Copyright: RIBA British Architectural Library Photographs Collection (1858)
Breuer's early work was at the Bauhaus in the 1920s, developing the relationship between art and technology. He later practiced in Berlin, designing houses as well as a number of furniture pieces, some of which are still in production today. His popular Wassily Chair, designed in 1925 was based on the curved tubular steel handlebars of his bicycle.
Due to the rise of the Nazi party in the 1930s, Breuer relocated to London, and was employed by the Isokon company, designing the Long Chair as well as being given the opportunity to experiment with plywood. Breuer moved to the United States, initially to teach at Harvard, then to design houses with Gropius before establishing his own practice in New York in 1941.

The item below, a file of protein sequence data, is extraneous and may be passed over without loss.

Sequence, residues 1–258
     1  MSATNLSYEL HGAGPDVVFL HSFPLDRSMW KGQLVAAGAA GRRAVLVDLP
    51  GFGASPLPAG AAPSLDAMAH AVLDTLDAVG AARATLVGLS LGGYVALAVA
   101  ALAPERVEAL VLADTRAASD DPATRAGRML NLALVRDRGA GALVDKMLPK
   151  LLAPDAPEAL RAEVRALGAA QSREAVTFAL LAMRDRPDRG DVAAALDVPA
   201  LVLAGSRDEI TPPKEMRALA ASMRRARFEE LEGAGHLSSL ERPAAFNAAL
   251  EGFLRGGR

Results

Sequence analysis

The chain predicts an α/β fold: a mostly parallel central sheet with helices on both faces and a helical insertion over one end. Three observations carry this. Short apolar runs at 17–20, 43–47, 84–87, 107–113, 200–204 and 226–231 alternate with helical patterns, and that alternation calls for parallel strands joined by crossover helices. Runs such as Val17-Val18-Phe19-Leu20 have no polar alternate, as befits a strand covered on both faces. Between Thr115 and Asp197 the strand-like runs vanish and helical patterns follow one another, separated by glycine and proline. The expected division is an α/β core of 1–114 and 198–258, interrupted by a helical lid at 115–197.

Breuer received the Paris commission for the UNESCO HQ in 1953 which was a significant turning point in his career. Breuer could focus on projects other than just residential, and return to Europe. It was also the beginning of Breuer's use of concrete as his primary medium. Breuer explored concrete by making it appear soft and curved, and his work became described as the Brutalism movement.
Breuer's work in the US included the Cleveland Museum of Art North Building expansion (1971), one of the earliest skyscrapers. Other work included the US Embassy at The Hague (1958), and the Whitney Museum of American Art in New York (1966).
Breuer was nominated twice for the Royal Gold Medal.